Issue: With the large number of computing options available today, it can be quite challenging to select a system that will deliver optimum performance and capacity at a reasonable price. Instead of recommending the "minimum" computing specifications to run Simulation CFD, we are listing the specifications of the computers used by the Application Engineers at Autodesk.
Model: Dell T5610 with Intel Dual Xeon E5-2650 V2 (8 Core HT, 2.6GHz Turbo)
Video: Nvidia Quadro 4000
Hard Drive: 256GB SSD + 1TB HDD
Model: Dell M4800 with Intel i7-4900MQ @ 2.7 GHz (4 Cores)
Video: Nvidia Quadro K2100M
Hard Drive: 256GB SSD
The solver will require about 2 GB of RAM per 1 million elements. Anything more will not make the analysis go faster. It simply will not be used by Sim CFD. If the available RAM is less than the model requirement the solver has to resort to file swapping which will significantly slow down the analysis. More RAM is that case is recommended.
The amount of Ram should be based on current and future model size.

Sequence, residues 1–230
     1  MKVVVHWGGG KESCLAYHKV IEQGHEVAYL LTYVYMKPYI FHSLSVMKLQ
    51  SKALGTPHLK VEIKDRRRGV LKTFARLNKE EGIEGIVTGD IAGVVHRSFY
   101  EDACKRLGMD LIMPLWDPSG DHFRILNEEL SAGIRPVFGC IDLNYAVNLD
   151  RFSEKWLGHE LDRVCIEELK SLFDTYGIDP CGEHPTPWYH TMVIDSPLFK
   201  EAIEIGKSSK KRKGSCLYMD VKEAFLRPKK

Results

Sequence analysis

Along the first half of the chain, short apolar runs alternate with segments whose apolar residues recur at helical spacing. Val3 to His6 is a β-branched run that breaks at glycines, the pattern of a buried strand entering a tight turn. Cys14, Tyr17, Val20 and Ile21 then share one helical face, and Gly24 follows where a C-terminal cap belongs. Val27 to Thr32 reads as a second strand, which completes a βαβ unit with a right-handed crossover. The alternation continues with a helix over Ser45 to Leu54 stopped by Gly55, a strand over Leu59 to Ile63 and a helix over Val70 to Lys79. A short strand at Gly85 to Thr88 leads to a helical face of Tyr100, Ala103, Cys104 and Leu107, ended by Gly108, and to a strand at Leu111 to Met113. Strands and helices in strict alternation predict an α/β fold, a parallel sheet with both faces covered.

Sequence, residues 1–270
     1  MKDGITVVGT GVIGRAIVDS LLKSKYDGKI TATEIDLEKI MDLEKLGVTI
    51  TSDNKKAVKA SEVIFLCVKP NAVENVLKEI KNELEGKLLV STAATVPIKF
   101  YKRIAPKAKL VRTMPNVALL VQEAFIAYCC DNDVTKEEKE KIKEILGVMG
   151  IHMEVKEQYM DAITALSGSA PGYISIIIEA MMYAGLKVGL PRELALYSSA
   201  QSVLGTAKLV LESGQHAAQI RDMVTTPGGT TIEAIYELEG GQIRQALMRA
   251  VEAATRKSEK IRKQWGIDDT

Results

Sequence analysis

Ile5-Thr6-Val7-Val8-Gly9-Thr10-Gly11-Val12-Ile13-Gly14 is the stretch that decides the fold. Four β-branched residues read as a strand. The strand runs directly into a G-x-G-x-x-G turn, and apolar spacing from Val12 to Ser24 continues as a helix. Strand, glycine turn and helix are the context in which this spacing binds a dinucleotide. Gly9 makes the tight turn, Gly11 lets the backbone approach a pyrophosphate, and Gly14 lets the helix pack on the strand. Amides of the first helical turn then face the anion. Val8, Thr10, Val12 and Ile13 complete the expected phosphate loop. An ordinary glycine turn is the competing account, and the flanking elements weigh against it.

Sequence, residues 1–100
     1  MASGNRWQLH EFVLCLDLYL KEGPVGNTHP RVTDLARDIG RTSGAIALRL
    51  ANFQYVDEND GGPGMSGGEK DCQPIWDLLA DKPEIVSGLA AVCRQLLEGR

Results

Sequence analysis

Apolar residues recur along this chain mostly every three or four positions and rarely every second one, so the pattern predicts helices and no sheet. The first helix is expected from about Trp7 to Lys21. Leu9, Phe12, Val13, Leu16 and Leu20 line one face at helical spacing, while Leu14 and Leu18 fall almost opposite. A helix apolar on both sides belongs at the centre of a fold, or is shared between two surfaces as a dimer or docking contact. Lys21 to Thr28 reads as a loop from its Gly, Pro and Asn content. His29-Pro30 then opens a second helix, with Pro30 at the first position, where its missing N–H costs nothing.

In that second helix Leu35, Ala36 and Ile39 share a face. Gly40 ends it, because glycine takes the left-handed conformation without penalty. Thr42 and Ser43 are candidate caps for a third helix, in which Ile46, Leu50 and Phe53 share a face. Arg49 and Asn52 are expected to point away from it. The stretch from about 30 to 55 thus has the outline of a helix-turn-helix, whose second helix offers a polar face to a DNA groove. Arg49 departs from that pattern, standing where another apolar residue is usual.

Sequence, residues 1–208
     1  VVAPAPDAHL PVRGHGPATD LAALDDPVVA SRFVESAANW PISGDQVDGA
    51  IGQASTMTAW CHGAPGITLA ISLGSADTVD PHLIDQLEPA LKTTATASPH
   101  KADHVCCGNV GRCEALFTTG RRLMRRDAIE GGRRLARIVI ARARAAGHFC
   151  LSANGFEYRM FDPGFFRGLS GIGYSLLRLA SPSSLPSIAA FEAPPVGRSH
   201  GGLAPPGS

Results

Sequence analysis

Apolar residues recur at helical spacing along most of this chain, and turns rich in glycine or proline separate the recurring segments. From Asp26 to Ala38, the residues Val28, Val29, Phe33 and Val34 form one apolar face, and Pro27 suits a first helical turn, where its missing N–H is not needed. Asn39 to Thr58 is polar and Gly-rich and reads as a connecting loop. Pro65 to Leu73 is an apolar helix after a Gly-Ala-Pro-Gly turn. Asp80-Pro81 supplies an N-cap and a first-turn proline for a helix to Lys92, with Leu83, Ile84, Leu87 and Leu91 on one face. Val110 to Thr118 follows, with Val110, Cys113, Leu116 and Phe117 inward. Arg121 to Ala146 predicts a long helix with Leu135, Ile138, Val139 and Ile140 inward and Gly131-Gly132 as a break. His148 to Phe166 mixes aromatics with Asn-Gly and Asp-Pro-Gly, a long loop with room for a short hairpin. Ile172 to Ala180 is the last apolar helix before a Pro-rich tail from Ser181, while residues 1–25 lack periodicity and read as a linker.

CPU clock speed has a big influence. The faster the clock speed the shorter the runtimes.
It is important, however, to know that the Sim CFD solver uses CPUs (or cores) in a 2n order. This means 2, 4, 8, 16, 32, etc... For instance, if a machine has 2 8-core CPUs (i.e. 16 cores) the solver will use all of them. If it has, say, 20 cores the solver will only use 16. So it’s better to have 16 3.0 GHz cores than 20 2.6 or 2.8 GHz cores.
There is no difference between one 8-core CPU and two 4-core CPUs. Generally the performance/value marker starts to end around 16 cores with the 2014 solver. There are still some performance gains with 32 cores, but not much for the cost.
Hard Disk speed is not critical. It comes into play when loading the model at the beginning and when saving and closing at the end. If solver has to resort to file swapping then HDD speed will make a difference.
Products: Simulation CFD